Former diplomat-turned-National Party MP John Hayes has been giving Foreign Minister Murray McCully inside pointers on where to shave staff at Foreign Affairs, a revealing private email leaked to TV3 suggests.
The ministry is facing job cuts of more than 200 staff in coming months.
The email also suggests the chief executive of the ministry, John Allen, does not have things "humming" as well as he should and suggests some lines of questioning for Mr McCully to employ at their next meeting.
The email indicates Mr McCully is very unhappy New Zealand is getting "precious little" for its $145 million expenditure in the Pacific region.
And it talks about the Pacific Islands Forum - which New Zealand is chairing at present - being "too big a drain on the resources of the region".
The email sent by Mr Hayes to Mr McCully on April 20 last year was leaked to TV3 by a source calling himself Yuri Petrov.
He claims he was the hacker of Mr McCully's private emails last year, not the international hacking group Anonymous as widely reported.
Prime Minister John Key has previously confirmed that Mr McCully's emails were hacked, but this is the first time an email has surfaced.
The email is written after a trip to New Caledonia to attend on Mr McCully's behalf a meeting of the Secretariat of Pacific Community, and after leading a business mission to Papua New Guinea.
Mr Hayes is now Mr McCully's parliamentary assistant but served for many years in the Pacific division of the ministry, including a stint as High Commissioner to Papua New Guinea.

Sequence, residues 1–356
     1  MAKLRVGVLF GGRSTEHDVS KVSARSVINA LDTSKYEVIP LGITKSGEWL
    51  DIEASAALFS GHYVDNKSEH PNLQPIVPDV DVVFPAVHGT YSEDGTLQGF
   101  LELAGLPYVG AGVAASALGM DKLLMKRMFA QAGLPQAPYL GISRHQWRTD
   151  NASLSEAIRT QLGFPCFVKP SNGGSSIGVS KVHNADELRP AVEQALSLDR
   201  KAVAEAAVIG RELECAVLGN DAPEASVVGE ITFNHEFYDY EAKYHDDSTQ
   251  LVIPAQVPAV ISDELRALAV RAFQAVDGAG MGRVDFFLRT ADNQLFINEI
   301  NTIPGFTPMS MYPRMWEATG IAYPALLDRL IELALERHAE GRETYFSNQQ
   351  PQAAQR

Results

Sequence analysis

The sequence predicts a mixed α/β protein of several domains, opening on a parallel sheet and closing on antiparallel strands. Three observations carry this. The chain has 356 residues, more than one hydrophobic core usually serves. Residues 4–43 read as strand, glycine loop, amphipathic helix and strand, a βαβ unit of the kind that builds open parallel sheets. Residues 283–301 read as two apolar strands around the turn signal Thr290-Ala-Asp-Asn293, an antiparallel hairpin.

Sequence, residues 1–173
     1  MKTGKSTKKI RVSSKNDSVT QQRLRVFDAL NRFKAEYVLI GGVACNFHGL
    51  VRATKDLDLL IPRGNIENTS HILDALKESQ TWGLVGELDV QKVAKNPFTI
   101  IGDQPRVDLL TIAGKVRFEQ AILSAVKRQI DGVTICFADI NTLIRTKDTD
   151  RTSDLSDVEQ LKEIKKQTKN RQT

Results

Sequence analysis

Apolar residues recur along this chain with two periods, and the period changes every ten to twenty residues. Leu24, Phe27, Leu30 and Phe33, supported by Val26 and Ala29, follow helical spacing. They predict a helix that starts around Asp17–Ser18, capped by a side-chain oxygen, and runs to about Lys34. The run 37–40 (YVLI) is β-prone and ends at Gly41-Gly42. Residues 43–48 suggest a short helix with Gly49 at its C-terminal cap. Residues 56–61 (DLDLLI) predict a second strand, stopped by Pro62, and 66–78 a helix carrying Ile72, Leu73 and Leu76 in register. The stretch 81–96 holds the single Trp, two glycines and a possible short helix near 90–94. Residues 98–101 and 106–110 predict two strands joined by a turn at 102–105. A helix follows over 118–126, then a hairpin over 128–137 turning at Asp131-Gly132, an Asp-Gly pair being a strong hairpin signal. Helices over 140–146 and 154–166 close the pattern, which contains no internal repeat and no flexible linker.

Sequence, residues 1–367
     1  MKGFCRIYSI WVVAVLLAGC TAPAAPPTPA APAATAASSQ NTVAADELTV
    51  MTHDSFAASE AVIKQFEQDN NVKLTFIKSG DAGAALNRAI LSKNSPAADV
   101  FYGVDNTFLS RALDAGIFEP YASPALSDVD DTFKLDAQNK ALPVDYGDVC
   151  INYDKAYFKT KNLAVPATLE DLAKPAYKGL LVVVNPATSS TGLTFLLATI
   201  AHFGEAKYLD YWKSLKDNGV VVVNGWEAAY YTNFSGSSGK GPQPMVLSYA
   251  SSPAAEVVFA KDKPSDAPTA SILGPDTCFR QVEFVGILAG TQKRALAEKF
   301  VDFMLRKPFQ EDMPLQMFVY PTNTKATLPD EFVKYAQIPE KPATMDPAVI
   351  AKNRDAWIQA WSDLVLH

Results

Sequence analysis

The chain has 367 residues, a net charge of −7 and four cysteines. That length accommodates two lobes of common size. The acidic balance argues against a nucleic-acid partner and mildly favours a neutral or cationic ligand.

"I saw evidence on mindless wasteful admin crap from Wellington and am in no doubt insufficient financial delegation is given to [heads of mission]," Mr Hayes wrote. "JA [John Allen] does not have the system humming as I expect he would have had."
Mr Hayes advises Mr McCully to look at the ministry phone book to see who is doing what - "for example there are 37 positions in the knowledge services division; 105 in information and comms technology division, and 48 in the human resources division and 23 [full-time equivalents] in the communications division. All back office."
On NZ spending in the Pacific, he writes: "Your judgment is correct that the region gets precious little outcome for the expenditure of $145 million."
He said 176 people had attended a meeting he had recently been to of the Secretariat of the Pacific Community in New Caledonia "which cost $250,000 to hold for almost no result".
He also mentions "some outfit we are supporting under NZ Aid flew a person to Noumea to give a 12-minute presentation".
Mr Hayes' email discusses his successful trip to Papua New Guinea and alludes to the fact that Peter Kiely - a National Party stalwart and chairman of the Pacific Co-operation Foundation - also found it wonderful.
But he found it odd New Zealand had seven staff in PNG running a $28 million aid programme "yet no trade commissioner in this market which has huge commercial opportunity".